mwe3: The bonus cuts are cool. What about that pic of you with
the Asia bride on the page listing The Sword Of Heaven
and Jasmine Lullaby? Is that some special outfit that
girl is wearing?
Ron Korb: The girl is from a mountain tribe in China called
Dragon Spine where there are terraced fields shown inside the CD with
the song Two Mountains, She is wearing a traditional costume.
The women in that area are known for having really long hair that
flows to the floor.
Theres actually 22 tracks on the CD right but you only list
19 of them on the back cover while mentioning the two bonus cuts inside
the album booklet?
Ron Korb: It is true there are 22 chapter markings. In my concept,
the album is complete at Country life track 19. The last
three chapter markers are encore pieces or if this were a film, they
would be the end credits music. It was important for me that the bonus
songs continue the same feeling and mood and be actual polished tracks
as opposed to alternative mixes.
mwe3: Track 21 The Sword Of Heaven is a bonus cut.
Is there fuzz guitar and some rock drumming on that? Its a great
spacey kind of pan-global world rock feel.
Ron Korb: The Sword Of Heaven was a real challenge.
It is an 8 minute epic with dozens of instruments and hundreds of
tracks to mix. It starts quietly with the elegant prelude of the pipa
and guzheng. Soon we have the rock guitars, bass and drum and various
percussion creating a wall of sound, with Chinese and Japanese instruments
intermingling, painting my impression of the grandeur of an ancient
Asian world. I put Jasmine Lullaby at the very end of
the album because after the turbulence of the electric guitars it
is nice to end with something serene.
Speaking of guitars, I hear you worked with a legend who we interviewed
recently here on mwe3 - Steve Hackett?
Ron Korb: I never actually never met Steve Hackett in the flesh
but on Jim McCartys Sitting On The Top of Time CD I acted as
a co-producer where he played on a song. We recorded the tracks at
Kuhl Muzik and Mr. Hackett put his part down in his studio in England.
It was amazing when we got the part back. He has such a vibrant guitar
sound with so much style and finesse.
mwe3: You've done a number of sessions for other artists, for
example with Jim McCarty of the Yardbirds and singer Olivia Newton
John and film composer Mychael Danna. What was it like working with
those artists and what are some of your other favorite and most memorable
Ron Korb: In general terms, working with other professionals
often teaches you how the simplest ideas and techniques are often
the most effective. I suppose working on the early Mychael Danna albums
like Sirens or Skys was exhilarating because it was
so new and all those genres like space music and world were still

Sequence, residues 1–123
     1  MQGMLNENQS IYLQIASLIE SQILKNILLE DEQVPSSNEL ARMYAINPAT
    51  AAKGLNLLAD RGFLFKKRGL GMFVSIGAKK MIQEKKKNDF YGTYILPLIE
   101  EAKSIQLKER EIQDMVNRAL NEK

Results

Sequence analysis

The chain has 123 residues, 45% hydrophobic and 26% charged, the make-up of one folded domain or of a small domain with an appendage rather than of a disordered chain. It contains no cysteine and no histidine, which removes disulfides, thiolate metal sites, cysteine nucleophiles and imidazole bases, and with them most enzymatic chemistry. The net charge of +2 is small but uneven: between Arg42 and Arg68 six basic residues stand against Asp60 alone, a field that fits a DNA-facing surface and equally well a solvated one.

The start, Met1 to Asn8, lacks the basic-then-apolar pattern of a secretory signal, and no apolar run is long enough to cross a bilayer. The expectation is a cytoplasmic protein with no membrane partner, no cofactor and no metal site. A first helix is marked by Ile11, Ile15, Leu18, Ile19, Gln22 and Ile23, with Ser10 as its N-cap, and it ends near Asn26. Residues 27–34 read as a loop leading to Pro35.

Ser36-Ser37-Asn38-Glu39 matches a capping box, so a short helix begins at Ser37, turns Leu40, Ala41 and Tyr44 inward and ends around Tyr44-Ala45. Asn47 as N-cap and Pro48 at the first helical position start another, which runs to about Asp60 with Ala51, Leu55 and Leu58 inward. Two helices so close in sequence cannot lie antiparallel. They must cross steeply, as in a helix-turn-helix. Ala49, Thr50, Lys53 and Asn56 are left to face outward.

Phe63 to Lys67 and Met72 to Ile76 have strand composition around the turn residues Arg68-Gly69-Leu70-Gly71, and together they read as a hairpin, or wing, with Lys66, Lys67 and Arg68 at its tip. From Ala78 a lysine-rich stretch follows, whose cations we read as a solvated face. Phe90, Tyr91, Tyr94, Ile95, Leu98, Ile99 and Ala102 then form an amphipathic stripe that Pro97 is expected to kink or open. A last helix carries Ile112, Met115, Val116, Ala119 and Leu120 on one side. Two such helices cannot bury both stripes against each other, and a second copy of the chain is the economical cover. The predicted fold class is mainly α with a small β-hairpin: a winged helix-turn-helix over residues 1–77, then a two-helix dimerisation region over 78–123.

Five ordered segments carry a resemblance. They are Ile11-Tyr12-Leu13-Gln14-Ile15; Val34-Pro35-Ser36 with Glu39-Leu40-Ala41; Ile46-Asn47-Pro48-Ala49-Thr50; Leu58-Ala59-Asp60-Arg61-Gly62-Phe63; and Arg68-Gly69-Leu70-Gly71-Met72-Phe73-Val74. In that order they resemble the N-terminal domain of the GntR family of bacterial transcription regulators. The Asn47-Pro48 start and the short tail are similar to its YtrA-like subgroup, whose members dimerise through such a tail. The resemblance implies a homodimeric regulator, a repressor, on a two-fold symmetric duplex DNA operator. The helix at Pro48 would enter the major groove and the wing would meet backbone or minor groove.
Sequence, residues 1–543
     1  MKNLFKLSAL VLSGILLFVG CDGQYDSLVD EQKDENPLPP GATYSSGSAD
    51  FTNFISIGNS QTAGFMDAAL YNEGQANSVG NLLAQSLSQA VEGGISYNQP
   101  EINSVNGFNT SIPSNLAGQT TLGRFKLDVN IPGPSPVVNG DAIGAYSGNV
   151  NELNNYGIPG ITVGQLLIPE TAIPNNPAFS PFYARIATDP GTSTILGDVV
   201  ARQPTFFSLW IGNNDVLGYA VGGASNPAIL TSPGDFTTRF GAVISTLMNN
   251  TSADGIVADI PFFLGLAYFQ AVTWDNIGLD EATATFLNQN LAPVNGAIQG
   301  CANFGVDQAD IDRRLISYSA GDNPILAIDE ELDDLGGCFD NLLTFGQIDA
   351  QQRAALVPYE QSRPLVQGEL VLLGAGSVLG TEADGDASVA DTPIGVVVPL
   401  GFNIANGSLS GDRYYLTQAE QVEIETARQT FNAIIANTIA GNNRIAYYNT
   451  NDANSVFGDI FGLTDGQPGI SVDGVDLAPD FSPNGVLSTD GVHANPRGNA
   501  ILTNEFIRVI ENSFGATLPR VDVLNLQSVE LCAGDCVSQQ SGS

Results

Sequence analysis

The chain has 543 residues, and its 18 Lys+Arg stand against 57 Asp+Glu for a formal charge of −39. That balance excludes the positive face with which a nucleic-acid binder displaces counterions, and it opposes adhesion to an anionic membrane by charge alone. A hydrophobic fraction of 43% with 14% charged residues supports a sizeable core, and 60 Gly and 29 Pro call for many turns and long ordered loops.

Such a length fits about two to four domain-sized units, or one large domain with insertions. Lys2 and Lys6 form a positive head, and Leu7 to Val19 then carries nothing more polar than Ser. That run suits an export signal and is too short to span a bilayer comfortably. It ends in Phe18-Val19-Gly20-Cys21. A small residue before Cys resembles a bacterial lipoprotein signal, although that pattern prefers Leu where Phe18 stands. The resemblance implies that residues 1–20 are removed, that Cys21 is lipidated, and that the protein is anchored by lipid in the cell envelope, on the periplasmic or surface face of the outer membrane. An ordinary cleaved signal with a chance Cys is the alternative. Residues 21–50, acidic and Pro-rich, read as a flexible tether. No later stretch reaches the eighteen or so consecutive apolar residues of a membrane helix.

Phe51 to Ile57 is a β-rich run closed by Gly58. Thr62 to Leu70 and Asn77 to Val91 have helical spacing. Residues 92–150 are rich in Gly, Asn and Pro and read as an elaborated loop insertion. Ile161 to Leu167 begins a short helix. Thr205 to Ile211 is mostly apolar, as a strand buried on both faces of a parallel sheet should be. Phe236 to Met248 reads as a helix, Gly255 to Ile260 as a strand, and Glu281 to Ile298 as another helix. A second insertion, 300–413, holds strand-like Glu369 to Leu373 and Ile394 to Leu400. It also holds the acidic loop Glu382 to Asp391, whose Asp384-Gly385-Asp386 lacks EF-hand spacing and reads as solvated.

in their infancy. It was incredible to play on Olivias album
but it was particularly amazing when we performed it live in Philadelphia
because she has so many loyal fans that just seemed to know every
note we played.
What achievement are you most proud of?
Ron Korb: Thats easy and it has nothing to do with music.
My mother passed away back in December of 2011 and my wife, father
and I did palliative care for her in the home. The government health
service provided everything we needed free of charge. It was of course
very difficult but very meaningful. She had no fear at all of dying
and actually comforted us. As hard as it was there were moments of
joy where all four of us could laugh. Needless to say it changed us
mwe3: What do you attribute your excellent recorded sound on
the CD to? What role did you take in getting the mastering and CD
Ron Korb: We are always striving for the best sound possible.
My engineer Gary Honess, and I are always trying different mixing
techniques and even going to other acoustic spaces like the Glenn
Gould studio to squeeze a little bit better recording quality. A major
part of getting the best sound is hiring the best musicians. You will
notice that 20 of the 22 pieces are completely acoustic and all the
exotic Asian instruments are played by excellent musicians. The album
was mastered at Lacquer Channel by Phil Demetro and it was difficult
to master. Parts of it are so delicate that it needed special treatment.
We did many versions before we were both satisfied.
What directions would you like to go in next with your music? How
about your plans for writing, recording and possible live concerts
moving into 2016?
Ron Korb: We are planning to do an Asian tour in 2016 and I
have some other projects at various levels of completion. I also love
collaborating with other artists and I have a feeling there will be
some interesting opportunities to work with some talented people in